However, Holland’s have pulled out all the stops.

New staff have been recruited

New staff have been recruited

The transportation issue has been resolved. Steve's lunch is on it's way.

The transportation issue has been resolved. Steve’s lunch is on it’s way.

Hollands vans in 2006 from June

And vans are on standby in he case he gets peckish in the afternoon.

It's not all been easy though. One training exercise went horribly wrong.

It’s not all been easy though. One training exercise went horribly wrong.

A decision will be made in due course. Bolton will still be without a manager.

And of course, no mention of the subject would be complete without the footage below. “Steve, the half time pies have arrived…” (credit to whoever originated that gag.)

– Richard McCormick



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Who is Bolton’s Most Rubbish Striker?

madine1Gary Madine, Goal Machine
Gary Madine, Goal Machine
(repeat until bored)

You have to hear the chant to appreciate it.  The second part of the line is delivered not joyously, but in a lower tone, with a mixture of dread, sarcasm and resignation.  Such black humour keeps football supporters going when their team’s exploits on the pitch aren’t up to snuff.

With Bolton all but relegated to the third tier of English football before Easter, it’s time to find things to occupy the mind, apart from wondering when Sports Shield are going to run out of money.  So with that thought, here is the Manny Road guide to Bolton’s most rubbish striker.

For this exercise, the choices have been limited to players from recent years.  Older fans will no doubt remember other forwards who couldn’t even find a banjo, let alone endanger a cow with it.

David N’Gog

ngogOn the face of it signing N’Gog from Liverpool had logic.  He was seen as a young, talented, underachieving player who might be helped by Owen Coyle’s arm around the shoulder approach.  This had limited success, since the arm and the rest of Coyle left the season after with the team in a lower division.

At times, N’Gog was unplayable.  These times lasted as much as a minute.  Then he’s spend the rest of the game trying to hide in the crowd.  Never was a player so unsuited to English football.

N’Gog signed for Swansea in January 2014.  It was then clear that manager Michael Laudrup had lost his mind and he was sacked a week later.

Marvin Sordell

sordellAfter signing for £3.5 million, Sordell spent more time playing on his iPhone than he did on the pitch.  This didn’t stop him being nominated as Bolton young player of the year, or being selected for the Olympic squad.  “Marvin Sordell, England’s number 12,” ran the chant.

In two seasons, the former Watford forward made just 24 appearances, scoring four times.  As Millwall fans unkindly but accurately observed, Sordell looks like a fish.  Unfortunately, he plays like one too.

Ariza Makukula

makuWithin minutes of his debut, Makukula clattered into Manchester United’s Nemanja Vidic, rendering him horizontal.  This was the only good thing he did as a Bolton player.  The Portuguese had one vital flaw that limited his effectiveness.  That flaw was a complete absence of skill.  After six appearances in which he scored a magnificent total of no goals, he returned to parent club Benfica, who had signed him when the manager was off his face on Madiera.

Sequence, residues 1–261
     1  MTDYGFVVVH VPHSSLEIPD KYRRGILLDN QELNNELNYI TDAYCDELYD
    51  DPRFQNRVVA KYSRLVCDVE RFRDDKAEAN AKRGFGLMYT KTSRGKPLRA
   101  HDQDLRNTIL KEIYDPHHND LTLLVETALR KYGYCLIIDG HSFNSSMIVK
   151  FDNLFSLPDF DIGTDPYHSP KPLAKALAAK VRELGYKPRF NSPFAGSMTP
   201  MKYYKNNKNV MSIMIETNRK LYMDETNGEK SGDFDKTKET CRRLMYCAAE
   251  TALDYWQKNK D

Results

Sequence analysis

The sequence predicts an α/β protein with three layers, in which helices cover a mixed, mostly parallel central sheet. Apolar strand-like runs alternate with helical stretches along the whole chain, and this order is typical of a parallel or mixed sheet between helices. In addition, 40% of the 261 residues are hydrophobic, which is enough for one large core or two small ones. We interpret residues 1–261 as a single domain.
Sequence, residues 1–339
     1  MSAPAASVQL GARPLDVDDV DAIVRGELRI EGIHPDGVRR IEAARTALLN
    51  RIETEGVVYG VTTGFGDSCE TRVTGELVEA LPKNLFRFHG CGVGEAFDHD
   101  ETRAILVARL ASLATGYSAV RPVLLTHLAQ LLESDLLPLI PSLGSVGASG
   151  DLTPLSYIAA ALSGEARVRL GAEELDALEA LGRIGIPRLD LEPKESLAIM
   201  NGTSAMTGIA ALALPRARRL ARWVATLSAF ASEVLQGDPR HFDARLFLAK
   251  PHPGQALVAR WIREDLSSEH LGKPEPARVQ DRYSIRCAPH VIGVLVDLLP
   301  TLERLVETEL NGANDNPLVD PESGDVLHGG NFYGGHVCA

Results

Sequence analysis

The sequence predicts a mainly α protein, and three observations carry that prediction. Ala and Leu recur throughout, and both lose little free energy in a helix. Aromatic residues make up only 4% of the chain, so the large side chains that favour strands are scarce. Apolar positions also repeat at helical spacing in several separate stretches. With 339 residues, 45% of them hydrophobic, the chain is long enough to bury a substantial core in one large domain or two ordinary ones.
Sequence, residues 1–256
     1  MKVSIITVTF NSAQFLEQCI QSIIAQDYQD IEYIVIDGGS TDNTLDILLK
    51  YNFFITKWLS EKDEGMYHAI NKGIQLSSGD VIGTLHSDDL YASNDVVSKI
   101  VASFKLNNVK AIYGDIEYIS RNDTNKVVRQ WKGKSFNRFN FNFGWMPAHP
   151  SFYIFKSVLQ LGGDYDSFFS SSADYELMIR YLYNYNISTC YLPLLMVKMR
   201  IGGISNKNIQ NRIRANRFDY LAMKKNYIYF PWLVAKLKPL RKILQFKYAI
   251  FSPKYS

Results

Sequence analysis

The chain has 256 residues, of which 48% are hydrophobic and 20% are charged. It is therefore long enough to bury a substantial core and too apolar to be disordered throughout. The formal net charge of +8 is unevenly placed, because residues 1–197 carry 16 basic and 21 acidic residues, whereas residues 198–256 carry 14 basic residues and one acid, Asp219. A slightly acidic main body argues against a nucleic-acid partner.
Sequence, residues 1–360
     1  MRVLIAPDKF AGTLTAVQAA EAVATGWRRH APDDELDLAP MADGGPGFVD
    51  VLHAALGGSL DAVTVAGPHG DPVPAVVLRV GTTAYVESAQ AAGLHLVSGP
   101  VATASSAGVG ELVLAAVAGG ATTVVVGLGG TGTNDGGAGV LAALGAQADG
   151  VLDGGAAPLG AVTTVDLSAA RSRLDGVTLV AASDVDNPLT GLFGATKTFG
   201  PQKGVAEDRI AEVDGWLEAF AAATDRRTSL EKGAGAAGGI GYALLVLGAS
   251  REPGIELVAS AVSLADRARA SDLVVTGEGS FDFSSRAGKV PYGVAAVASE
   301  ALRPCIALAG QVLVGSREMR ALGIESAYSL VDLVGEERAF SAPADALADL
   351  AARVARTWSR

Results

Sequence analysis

Grzegorz Rasiak

rasiakAfter the departure of Nicolas Anelka, Gary Megson sought a replacement goal scorer. Surprisingly, he chose the man who came to fix his taps.  Rasiak had at one time played for Spurs where he scored precisely no goals, a feat repeated for the Ginger One.

Watching Rasiak run was mesmerising.  His knees had a life of their own and operated independently from the rest of his legs. There was sluggish and then there was Rasiak. He was a  permanent slow motion replay.  After a seventeen club career the man with luminous green boots returned to his native Poland and devoted himself to plumbing full time.  Service is reported to be good, if not the fastest.

Daniel Braaten

troll2Before joining Bolton, Braaten was best known as a proponent of the seal dribble, which involves running with the ball bouncing on your forehead.  The Norweigan didn’t try this whilst playing for the Whites, mainly because he’d given up running two years previously after repeatedly tripping over his own stomach.

Amazingly, Braaten did score for Bolton, after coming on as a sub against Reading.   He celebrated by throwing himself at Nicolas Anelka, who’d supplied the assisting pass, almost injuring the Frenchman fatally in the process.  It is rumoured that Anelka left for Chelsea to avoid a repeat.

Gary Madine, Goal Machine

madine2“I’ve been really pleased with him – he’s a better player than I thought he was,” said Neil Lennon in pre-season.  One wonders how bad the ginger sex beast had been expecting things to be. It’s astounding how often the words “Madine”, “header” and “wide” appear in the same sentence.

Not much was expected of the former Sheffield Wednesday man , whose best goal scoring season was in League One, but having served jail time for assault it was expected that he’d at least add some physical threat to a side too often bullied.

That hope proved entirely false.  Madine avoids rough stuff like Adam Johnson avoids the fathers of teenage girls.  When inside he must have been someone’s bitch.

With acknowledgment to the Trottersforever forum where the question was first asked.

– Richard McCormick



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Sports Shield. The Alarm Bells Ring

sportsshieldAfter three months of rumour and numerous 48 hour deadlines, there is at last some movement regarding the future of Bolton Wanderers.

On Friday, current owner Eddie Davies named Sports Shield Investments, the group fronted by former striker Dean Holdsworth as the preferred bidder to buy the club.   Those hoping for a whiter than white backroom team may be disappointed.